Prevention of malaria transmission around reservoirs: an observational and modelling study on the effect of wind direction and village location


Title Prevention of malaria transmission around reservoirs: an observational and modelling study on the effect of wind direction and village location
Publication Type Journal Article
Year of Publication 2018
Authors N. Endo and E. A. B. Eltahir
Journal Lancet Planet Health
Abstract

Background Many large dams are constructed annually in Africa, with associated reservoirs that might exacerbate the risk of malaria in new villages built nearby. We aimed to investigate the heterogeneous risk of malaria around reservoirs related to the impact of wind direction on malaria transmission.

Methods Between June 15, 2012, and April 22, 2015, we obtained field data on climate and hydrological conditions, and monitored Anopheles mosquito populations around the Koka reservoir in Ethiopia using in-situ weather stations, mosquito light traps, and larval dipping. The field data were used to calibrate a field-tested, spatially explicit mechanistic malaria transmission model, the Hydrology, Entomology, and Malaria Transmission Simulator (HYDREMATS), to investigate the effect of relative wind direction on malaria transmission and associated mechanisms. We combined our simulation results and observational data to assess the association between village location around a reservoir and risk of malaria.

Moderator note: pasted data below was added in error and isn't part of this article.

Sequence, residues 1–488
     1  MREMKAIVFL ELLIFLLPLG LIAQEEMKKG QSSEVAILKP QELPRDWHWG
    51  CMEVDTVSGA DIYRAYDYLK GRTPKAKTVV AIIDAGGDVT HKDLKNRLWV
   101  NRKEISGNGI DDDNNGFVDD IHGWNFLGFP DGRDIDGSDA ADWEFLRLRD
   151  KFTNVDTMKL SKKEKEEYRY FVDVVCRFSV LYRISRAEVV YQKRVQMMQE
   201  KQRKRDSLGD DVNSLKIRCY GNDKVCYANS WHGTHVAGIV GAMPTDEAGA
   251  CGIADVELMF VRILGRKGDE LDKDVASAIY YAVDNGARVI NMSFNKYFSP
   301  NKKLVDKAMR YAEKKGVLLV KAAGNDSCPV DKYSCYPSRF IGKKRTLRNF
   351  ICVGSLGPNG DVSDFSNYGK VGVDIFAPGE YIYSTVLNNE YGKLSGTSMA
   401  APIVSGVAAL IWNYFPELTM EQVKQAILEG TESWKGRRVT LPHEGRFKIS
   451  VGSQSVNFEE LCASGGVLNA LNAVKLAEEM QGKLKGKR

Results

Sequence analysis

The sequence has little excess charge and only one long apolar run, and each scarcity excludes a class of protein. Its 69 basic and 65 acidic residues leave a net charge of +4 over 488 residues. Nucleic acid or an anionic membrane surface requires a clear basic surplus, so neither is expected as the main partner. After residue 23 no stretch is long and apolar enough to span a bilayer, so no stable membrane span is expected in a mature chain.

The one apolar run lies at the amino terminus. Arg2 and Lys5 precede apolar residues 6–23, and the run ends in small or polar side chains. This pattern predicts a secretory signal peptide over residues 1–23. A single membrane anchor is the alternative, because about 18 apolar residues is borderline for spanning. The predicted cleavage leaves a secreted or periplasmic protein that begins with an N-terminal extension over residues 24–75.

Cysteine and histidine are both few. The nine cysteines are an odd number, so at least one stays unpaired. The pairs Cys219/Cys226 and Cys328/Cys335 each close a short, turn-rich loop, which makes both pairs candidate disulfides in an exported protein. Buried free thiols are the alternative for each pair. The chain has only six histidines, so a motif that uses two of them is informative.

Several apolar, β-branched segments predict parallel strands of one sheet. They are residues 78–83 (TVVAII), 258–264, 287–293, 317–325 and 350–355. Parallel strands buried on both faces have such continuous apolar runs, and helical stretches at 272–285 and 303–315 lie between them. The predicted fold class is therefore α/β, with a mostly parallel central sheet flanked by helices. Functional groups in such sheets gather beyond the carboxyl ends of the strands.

Findings HYDREMATS simulations showed that wind blowing from a village towards a reservoir increases the size of malaria vector populations, whereas wind blowing from a reservoir towards a village decreases the size of malaria vector populations, which was consistent with our field data. Larval mortality is low in locations with village-to-reservoir wind due to weak surface waves, and this wind direction creates conditions that enable mosquitoes to identify village locations more easily than in conditions caused by reservoir-to-village wind, which increases the size of malaria vector populations, and thus malaria transmission. Among the wind conditions investigated (0·5–5 m/s), the effect of CO2 attraction on the size of the Anopheles population was largest at wind speeds of 0·5 m/s and 1 m/s, decreasing with higher wind speed. At a wind speed of 5 m/s, the effect of CO2 attraction was negligible, whereas the effect of waves was strongest. The effect of advection on Anopheles population size was negligible at all wind speeds and wind directions.

Interpretation The effect of wind on malaria transmission around reservoirs can be substantial. The transmission of malaria can be minimised if the location of villages situated near a reservoir is carefully considered. For areas in which the environmental conditions surrounding a resevoir are equal, villages should be located downwind of reservoirs to reduce the incidence of malaria, although further research will be required in locations where wind direction changes in different seasons.

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